Avoid running liquid ammonia lines through overheated
areas where gasification is likely.
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Valves in liquid ammonia lines should be kept to a minimum.
It is particularly important to avoid situations where it is easy
to close two valves in a line thus trapping liquid that, upon
an increase in temperature, will expand and develop higher
than acceptable pressures.
A liquid line pressure relief system (which includes a rupture
disc and an expansion chamber) is required where liquid may
be trapped in the line or where it is necessary to run lines a
considerable distance. The relief system is detailed in Figure
6. The expansion chamber provides an area for expansion
in the event that valves at both ends of the line are closed.
Relief system placement must be based not only on length
of line but also placement of valves.
4.4 PRESSURE RELIEF AND VENT PIPING REQUIREMENTS
All pressure relief vent line systems must be treated as though
they contain ammonia. Use the same materials for pressure
relief vent lines as used for ammonia gas piping unless the
vent line is a combination pressure relief/vacuum relief line
in which case the material must be suitable for moist ammonia gas (PVC or polyethylene tubing).
Vent lines must be run in such a way that moisture collecting
traps are avoided. A continuous up gradient is preferred.
The end of all vent lines must be turned up with a rain cap
and screened.
Manifolding of vent lines is an acceptable practice provided
only like vents are manifolded (i.e., evaporator water vapor
vents must be separate from gas pressure reducing valve
pressure vents, etc.). The interior cross sectioned area of
a common vent or pressure relief line should be approximately equal to the sum of the cross sectional areas of the
individual vent lines.
WARNING: THE VENT LINE AND RELIEF LINE MUST
TERMINATE IN AN AREA WHERE GAS FUMES CANNOT
CAUSE INJURY TO PERSONNEL OR DAMAGE. DO NOT
TERMINATE THE VENT LINE AND RELIEF LINE AT A LOCATION ROUTINELY USED BY PERSONNEL SUCH AS WORK
AREA OR PATHWAYS NOR NEAR ANY WINDOWS OR
VENTILATION SYSTEM INTAKES.
4.5 VALVES
Auxiliary cylinder and header valves are described adequately
in the ammoniator or vacuum regulator instruction book.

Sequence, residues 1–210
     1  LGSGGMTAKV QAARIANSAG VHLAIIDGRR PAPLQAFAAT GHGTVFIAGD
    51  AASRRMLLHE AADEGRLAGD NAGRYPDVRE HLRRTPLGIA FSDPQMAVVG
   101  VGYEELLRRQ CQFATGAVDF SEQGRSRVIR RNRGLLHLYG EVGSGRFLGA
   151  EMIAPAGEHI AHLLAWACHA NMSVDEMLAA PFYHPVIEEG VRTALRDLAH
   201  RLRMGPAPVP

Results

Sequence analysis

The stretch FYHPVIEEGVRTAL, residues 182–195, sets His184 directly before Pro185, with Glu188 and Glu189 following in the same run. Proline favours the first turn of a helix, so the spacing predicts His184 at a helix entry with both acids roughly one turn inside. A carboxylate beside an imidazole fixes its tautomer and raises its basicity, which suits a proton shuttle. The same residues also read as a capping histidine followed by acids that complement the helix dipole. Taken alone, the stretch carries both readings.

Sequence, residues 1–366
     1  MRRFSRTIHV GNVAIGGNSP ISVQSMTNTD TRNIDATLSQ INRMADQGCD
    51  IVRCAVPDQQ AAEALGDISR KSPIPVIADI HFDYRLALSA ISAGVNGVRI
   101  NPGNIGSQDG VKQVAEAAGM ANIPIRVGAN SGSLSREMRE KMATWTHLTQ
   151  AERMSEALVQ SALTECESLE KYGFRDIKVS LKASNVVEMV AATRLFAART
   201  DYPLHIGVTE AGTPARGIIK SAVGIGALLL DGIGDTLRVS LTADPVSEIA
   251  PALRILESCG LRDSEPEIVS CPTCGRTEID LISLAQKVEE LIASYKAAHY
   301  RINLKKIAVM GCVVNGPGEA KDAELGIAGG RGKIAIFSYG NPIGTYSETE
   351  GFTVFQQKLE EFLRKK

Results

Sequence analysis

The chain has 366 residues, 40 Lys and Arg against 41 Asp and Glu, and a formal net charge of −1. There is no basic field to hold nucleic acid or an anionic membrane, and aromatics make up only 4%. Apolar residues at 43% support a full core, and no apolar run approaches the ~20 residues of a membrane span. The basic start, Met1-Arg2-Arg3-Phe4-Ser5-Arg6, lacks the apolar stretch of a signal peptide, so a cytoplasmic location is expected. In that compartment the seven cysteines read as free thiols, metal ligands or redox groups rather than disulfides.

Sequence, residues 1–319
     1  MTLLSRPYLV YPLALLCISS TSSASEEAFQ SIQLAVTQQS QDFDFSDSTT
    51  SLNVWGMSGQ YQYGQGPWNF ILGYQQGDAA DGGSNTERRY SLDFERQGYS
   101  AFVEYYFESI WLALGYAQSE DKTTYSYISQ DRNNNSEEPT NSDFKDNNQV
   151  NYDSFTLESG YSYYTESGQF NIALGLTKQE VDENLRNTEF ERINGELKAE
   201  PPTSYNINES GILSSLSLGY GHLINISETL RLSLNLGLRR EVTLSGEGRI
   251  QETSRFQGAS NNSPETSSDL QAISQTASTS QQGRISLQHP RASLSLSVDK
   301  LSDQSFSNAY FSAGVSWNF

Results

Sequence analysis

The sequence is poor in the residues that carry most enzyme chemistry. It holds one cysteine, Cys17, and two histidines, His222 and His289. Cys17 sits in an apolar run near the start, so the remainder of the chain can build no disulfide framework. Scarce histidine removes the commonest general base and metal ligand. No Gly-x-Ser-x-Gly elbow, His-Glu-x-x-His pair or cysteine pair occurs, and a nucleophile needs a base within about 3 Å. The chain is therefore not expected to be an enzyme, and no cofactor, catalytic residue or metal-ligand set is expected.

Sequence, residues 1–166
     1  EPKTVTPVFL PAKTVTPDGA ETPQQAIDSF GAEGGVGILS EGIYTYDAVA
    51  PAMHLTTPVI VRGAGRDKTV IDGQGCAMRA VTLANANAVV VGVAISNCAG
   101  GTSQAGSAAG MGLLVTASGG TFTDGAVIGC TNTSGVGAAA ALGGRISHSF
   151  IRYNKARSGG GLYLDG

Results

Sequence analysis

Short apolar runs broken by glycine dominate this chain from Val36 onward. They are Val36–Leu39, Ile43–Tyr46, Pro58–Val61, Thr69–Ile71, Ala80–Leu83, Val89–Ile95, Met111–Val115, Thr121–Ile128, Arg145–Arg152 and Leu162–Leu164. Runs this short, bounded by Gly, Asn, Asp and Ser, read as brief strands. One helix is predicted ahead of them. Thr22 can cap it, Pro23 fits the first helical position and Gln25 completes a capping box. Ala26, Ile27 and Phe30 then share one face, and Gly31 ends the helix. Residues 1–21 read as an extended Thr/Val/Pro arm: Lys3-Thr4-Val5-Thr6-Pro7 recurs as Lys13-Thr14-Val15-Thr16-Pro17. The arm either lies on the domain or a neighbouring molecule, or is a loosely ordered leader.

Line valves are used to isolate alternate sources of supply
(manifolded banks of cylinders or tank cars), individual
evaporators or pressure type ammoniators. Sufficient line
valves should be provided for flexibility of system operation
consistent with the recommended practice of eliminating
redundant or unnecessary valves.
Valves are usually of approximately globe pattern as shown
in Figure 7 or ball type as shown in Figure 8.
Care should be taken that only valves designed by the
manufacturer for ammonia service are used. Ball valves
must include a provision for venting the cavity in the closed
position to the upstream side.
4.6 PRESSURE GAUGES AND SWITCHES
NOTE: All piping to be seamless carbon stell sched. 80 and fittings to be
forged steel. Expansion chamber meets ASME Sec.VIII, Div. 1 code for
unfired pressure vessels.
Whenever pressure gauges and switches are used in ammonia
liquid or gas lines they must be of the type protected by a
flanged diaphragm seal specifically designed for ammonia
service to prevent the entry of ammonia into the gauge or
switch mechanism. The fill material must be suitable for
ammonia service. The connection between the seal and
the gauge or switch must not be broken. if the connection
Figure 6 - Liquid Line Pressure Relief System
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4.7 PRESSURE RELIEF DEVICES
There are two types of pressure relief devices in use in
ammonia piping systems. The first, as shown in Figure 6,
is usually employed in liquid ammonia piping to protect
the piping from rupture due to high pressure from thermal
expansion of the liquid ammonia. It consists of a rupture
disc that ruptures before the pipe line itself can rupture, an
expansion chamber that allows for relief of the overpressure
condition without releasing ammonia to the atmosphere,
and a pressure switch to warn of disc failure.
The second type, as shown in Figure 9, is usually used in gas
piping at the evaporator discharge. This system consists of a
rupture disc, which keeps ammonia out of the valve during
normal operation, a pressure relief valve, and a pressure
switch to warn of disc rupture.
Figure 7 - 3/4- and 1-inch Line Valves
Figure 8 - Gas and Liquid Ball Valve
Figure 9 - Evaporator Pressure Relief System
is inadvertently broken the complete assembly must be
discarded and replaced unless it can be returned to the
manufacturer for repair.
WARNING: THE RELIEF LINE MUST TERMINATE IN AN
AREA WHERE GAS FUMES CANNOT CAUSE DAMAGE OR
INJURY TO PERSONNEL. DO NOT TERMINATE THE RELIEF
LINE AT A LOCATION ROUTINELY USED BY PERSONNEL
SUCH AS WORK AREAS OR PATHWAYS NOR NEAR WINDOWS OR VENTILATION SYSTEM INTAKES.